Danuta Mirka

Harmonic Schemata and Hypermeter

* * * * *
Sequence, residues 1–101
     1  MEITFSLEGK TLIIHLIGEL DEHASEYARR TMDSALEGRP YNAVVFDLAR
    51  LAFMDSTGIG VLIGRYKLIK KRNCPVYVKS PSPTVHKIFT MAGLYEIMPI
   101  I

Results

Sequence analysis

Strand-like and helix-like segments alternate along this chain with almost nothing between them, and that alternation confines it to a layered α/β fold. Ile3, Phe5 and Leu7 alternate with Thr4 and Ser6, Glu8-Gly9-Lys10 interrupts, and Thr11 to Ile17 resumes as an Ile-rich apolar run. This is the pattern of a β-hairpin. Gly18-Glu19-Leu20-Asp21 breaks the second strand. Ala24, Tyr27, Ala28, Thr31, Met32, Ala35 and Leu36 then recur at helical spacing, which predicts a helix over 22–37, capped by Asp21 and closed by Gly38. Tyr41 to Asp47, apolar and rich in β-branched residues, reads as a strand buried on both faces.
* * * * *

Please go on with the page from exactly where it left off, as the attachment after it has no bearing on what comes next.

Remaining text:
In addition to Metrical Preference Rules (MPRs), perception of hypermeter is conditioned by other factors, not involved in perception of meter proper. According to Fred Lerdahl and Ray Jackendoff (1983), meter above the bar level is increasingly supplanted by grouping which, at higher levels, is equivalent to phrase structure. The eminent role of phrase structure and harmonic rhythm in perception of hypermeter was recognized by William Rothstein (1995), who dubbed these factors, respectively, the ‘rule of congruence’ and the ‘rule of harmony’. The ‘rule of texture’ was added by Eric McKee (2004) and the ‘rule of parallelism’ reformulated by David Temperley (2001) so as to account for the effect of the first segment in a chain of repetitions. I will posit another preference factor for hypermeter: the hypermetrical profile of harmonic schemata. By contrast to other preference factors, which work ‘bottom-up’ and cue single events as strong, this factor allows for ‘top-down’ processing of hypermeter by mapping the hypermetrical profile of a given schema upon a span of time including several events which can be either strong or weak. If the schema is recognized at a later event, such mapping may change the hypermetrical status of earlier events and lead to forms of metrical reinterpretation not discussed by Rothstein (1989). I will concentrate on the cadential schema and illustrate its effect on hypermeter with examples from Haydn’s string quartets.